Wednesday, November 25, 2020

what we see, what we say...

I got an inquiry this morning about an operation in one of my books in which the reader asked for clarification in making a particular box. What you see in a photo doesn't necessarily convey all that you are required to know. In this case, reading would have helped. We may all be guilty of this. We see a photo and the mind fills in the blanks, in the assumption things are so simple we fully understand, when in fact we may not.

I encounter this all the time teaching. My students see something that looks easy, when in actual fact, there are things about the operation they may not understand without having first made their own mistakes.

For example, in making a Soma Cube Puzzle, one of my students had a puzzle piece break off, but it was because he had glued end grain to side grain, a thing I had explained in the video. When you orient the grain in two pieces side to side moving in the same direction, the glue joint is as strong as the wood itself. That's far from true if you glue pieces cross grained.

We were showing my 4th and 5th grade students the video of how to assemble their chessboard veneer patterns for the third time, and I had clearly stated that it would work out best if they paid attention to grain orientation, making the grain in the various pieces to align in the same direction. The reason I had suggested that was because if I had any errors in cutting pieces to length, those errors would not compound as the various pieces were put into place. Some got that message. Most did not.

We're becoming a see-it, do it world where complexities are not observed, nor are they fully understood.

There was a reason that Diesterweg, Froebel, Cygnaeus, and Salomon planned that learning progress from the concrete to the abstract and from the simple to the complex, and that was to build up within the student a knowledge base that would form a foundation for all other learning. Without that experiential base upon which to build our understanding, there's no common sense, whether we're talking about the political realm or how to address the Covid-19 pandemic.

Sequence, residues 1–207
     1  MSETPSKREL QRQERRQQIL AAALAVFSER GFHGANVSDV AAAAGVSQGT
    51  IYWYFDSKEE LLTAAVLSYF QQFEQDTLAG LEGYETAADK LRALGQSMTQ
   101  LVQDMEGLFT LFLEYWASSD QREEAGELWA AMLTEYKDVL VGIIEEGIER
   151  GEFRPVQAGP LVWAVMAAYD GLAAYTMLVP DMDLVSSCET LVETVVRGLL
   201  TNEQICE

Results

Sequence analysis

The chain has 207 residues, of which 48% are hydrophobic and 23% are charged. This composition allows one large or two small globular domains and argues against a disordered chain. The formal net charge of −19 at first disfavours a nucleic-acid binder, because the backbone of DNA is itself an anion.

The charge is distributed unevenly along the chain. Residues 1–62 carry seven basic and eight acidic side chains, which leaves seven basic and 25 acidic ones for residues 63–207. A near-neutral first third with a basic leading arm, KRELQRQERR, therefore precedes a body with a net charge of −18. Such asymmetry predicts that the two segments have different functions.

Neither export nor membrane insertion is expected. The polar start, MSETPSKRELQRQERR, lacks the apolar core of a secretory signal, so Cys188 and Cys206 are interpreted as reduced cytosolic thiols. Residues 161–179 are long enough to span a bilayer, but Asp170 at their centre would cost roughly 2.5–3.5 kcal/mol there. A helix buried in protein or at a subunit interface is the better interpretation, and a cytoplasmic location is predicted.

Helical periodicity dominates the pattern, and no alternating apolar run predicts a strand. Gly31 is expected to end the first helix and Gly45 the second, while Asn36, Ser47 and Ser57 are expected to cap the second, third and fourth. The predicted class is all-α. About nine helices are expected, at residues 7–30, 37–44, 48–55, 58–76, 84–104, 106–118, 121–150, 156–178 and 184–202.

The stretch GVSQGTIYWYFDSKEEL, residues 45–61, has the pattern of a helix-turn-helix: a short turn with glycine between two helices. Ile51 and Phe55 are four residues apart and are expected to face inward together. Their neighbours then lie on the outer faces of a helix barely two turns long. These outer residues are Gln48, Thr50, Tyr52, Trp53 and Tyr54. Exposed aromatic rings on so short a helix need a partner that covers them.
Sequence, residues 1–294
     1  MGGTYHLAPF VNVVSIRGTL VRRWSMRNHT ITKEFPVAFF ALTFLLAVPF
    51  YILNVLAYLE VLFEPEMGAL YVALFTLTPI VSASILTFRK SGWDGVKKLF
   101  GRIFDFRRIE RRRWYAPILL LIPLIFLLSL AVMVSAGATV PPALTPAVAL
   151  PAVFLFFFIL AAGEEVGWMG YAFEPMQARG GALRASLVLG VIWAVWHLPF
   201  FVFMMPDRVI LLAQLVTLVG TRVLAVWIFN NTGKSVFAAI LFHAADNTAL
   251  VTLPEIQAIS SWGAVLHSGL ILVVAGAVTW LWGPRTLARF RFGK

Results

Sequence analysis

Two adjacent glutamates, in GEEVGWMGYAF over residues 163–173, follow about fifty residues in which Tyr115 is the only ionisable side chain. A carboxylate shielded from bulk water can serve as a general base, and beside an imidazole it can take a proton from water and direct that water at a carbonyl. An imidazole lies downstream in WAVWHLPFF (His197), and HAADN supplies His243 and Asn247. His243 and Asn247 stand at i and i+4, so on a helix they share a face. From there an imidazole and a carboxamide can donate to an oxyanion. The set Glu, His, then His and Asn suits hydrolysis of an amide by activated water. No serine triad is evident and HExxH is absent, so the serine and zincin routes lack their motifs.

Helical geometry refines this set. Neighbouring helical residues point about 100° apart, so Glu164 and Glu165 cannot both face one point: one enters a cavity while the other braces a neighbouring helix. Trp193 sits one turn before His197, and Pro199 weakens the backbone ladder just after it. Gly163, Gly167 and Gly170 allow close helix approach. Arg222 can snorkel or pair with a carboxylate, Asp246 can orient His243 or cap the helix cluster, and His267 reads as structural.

So here we are. Scott Atlas said that seniors should not be prevented from celebrating "their last thanksgiving" with loved ones. Loved ones rush home, not dreaming that at their last stop for gas they picked up the virus that will kill Granny. 

In the meantime, our own lovely county is a hot spot, and I'm hoping all will exercise extreme caution. In Fayetteville, not more than 50 miles from here they've set up refrigerator trucks to handle the overflow of bodies. I hoped it would never come to this, but with the lack of caution, we have only our own communities to blame. The vaccine is on the horizon, developed by dedicated scientists. We will prevail over the disease, only if we've kept each other safe. 

How much more thankful we will be next year when, with those we love still with us, we celebrate Thanksgiving 2021 together.

Be safe. Make, fix and create...

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